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March 12, 2015

Thursday: What to watch in Tallahassee

Thursday marks the tenth day of the 2015 legislative session. More than a dozen House committees and subcommittees are scheduled to discuss a variety of issues. It will be much slower in the Senate.

Here are five things to watch:

The House Education Appropriations Subcommittee will discuss a bill that would scale back testing in public schools (HB 7069). The panel will also debate a proposal encouraging school systems to adopt school uniform policies (HB 7043).

The House Health Quality Subcommittee moves forward with a proposal that would expand the use of telehealth, the practice of using web and videoconferencing technology to let doctors treat patients remotely (HB 545).

The House Regulatory Affairs Committee takes up a bill (HB 239) that would increase the penalties for people whose greyhounds or racehorses test positive for a prohibited substance.

The Senate Rules Committee will hear legislation that expresses "profound disagreement" with President Barack Obama's decision to open diplomatic relations with Cuba (SM 866). The proposal by Sen. Anitere Flores, R-Miami, is largely symbolic, but likely to find support.

It is worth noting that the Senate cancelled an Appropriations Committee meeting scheduled for Thursday afternoon. Last week, Senate Appropriations Chairman Tom Lee, R-Brandon, said the budget process had come to a halt on account of a possible $1.3 billion hole in the healthcare budget. Apparently, he wasn't bluffing.

-KATHLEEN McGRORY, Herald/Times Tallahassee Bureau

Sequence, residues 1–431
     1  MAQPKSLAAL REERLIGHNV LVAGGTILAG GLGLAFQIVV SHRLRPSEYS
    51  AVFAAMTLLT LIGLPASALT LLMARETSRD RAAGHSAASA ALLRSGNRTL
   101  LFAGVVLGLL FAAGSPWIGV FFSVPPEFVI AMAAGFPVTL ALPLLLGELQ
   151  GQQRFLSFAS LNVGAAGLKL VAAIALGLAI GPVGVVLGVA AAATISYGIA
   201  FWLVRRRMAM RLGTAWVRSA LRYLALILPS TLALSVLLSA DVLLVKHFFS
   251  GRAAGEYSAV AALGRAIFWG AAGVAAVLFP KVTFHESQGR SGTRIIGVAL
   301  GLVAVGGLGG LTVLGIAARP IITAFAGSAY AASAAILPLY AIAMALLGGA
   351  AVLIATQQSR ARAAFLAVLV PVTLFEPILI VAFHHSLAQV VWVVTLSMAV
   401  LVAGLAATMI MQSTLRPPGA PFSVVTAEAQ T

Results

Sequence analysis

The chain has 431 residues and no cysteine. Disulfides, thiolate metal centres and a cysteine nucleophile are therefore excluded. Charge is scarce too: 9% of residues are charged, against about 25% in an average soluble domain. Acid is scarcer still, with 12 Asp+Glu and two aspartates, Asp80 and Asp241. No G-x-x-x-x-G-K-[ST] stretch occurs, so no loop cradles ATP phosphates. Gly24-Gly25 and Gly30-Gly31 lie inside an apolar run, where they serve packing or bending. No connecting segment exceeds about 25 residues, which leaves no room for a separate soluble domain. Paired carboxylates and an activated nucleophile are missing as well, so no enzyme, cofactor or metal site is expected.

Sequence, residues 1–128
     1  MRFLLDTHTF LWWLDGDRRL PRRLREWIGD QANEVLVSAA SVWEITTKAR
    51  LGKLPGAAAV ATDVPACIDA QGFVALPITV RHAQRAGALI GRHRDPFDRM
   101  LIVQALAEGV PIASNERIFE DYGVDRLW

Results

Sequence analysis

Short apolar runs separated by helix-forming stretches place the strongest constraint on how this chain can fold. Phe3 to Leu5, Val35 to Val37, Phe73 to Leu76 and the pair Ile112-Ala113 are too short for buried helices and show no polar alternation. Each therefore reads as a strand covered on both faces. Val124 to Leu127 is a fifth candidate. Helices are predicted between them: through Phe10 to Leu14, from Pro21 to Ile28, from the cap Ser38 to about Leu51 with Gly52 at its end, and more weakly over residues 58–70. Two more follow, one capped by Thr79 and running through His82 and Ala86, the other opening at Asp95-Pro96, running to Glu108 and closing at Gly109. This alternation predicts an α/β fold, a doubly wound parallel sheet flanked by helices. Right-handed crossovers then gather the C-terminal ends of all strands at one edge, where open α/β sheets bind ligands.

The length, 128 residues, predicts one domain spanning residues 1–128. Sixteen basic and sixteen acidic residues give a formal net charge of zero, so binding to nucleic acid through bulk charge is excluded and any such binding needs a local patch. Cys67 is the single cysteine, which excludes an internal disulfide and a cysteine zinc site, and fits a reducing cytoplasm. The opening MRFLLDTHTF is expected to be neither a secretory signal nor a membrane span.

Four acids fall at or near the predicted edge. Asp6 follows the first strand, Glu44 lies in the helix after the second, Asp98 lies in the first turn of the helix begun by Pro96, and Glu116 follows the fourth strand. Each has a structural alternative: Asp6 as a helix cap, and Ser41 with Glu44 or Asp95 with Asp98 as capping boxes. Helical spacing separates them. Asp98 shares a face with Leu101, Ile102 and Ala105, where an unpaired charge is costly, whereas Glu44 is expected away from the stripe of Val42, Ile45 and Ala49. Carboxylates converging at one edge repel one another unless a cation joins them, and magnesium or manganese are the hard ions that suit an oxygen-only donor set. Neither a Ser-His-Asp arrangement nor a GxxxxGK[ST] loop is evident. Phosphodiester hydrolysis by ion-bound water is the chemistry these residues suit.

March 11, 2015

Marco Rubio, John Kerry spar over Iran


U.S. Sen. Marco Rubio had a pointed exchange Wednesday with Secretary of State John Kerry in a Senate hearing that was supposed to be about U.S. military action against ISIS but instead turned into a discussion about ongoing nuclear talks with Iran, which have become a political lightning rod in the early 2016 presidential campaign.

Rubio, like other likely Republican candidates, has taken a hard line on the negotiations. He was one of 47 GOP senators to sign an "open letter" to Iran warning that any potential deal struck by the Obama administration might not be supported by the GOP-controlled Congress. The letter caused a political firestorm and diplomatic uproar. Senate historians have found little precedent for such a move. 

But Rubio used his support of the letter as a fundraising opportunity.

That was after Wednesday's hearing, in which Rubio's first question to Kerry was this: 

"I believe that much of our strategy with regards to ISIS is being driven by a desire not to upset Iran so that they don't walk away from the negotiating table on the deal that you're working on," he said. "Tell me why I'm wrong."

"Because the facts completely contradict that," said Kerry, before adding that he couldn't elaborate because details about the talks should remain secret.

The back-and-forth continued for about five minutes, with Rubio later saying Sunni countries in the Middle East that are U.S. allies, such as Saudi Arabia, are worried about the potential Iran deal.

"Is it not right that they feel that we've kept them in the dark about our negotiations with Iran and that in essence the way we've proceeded with our negotiations with Iran have impacted our trust level with these critical allies in this coalition?" the Florida Republican said. "Is that not accurate?"

"Senator, that actually is flat wrong also," Kerry responded. "Flat wrong."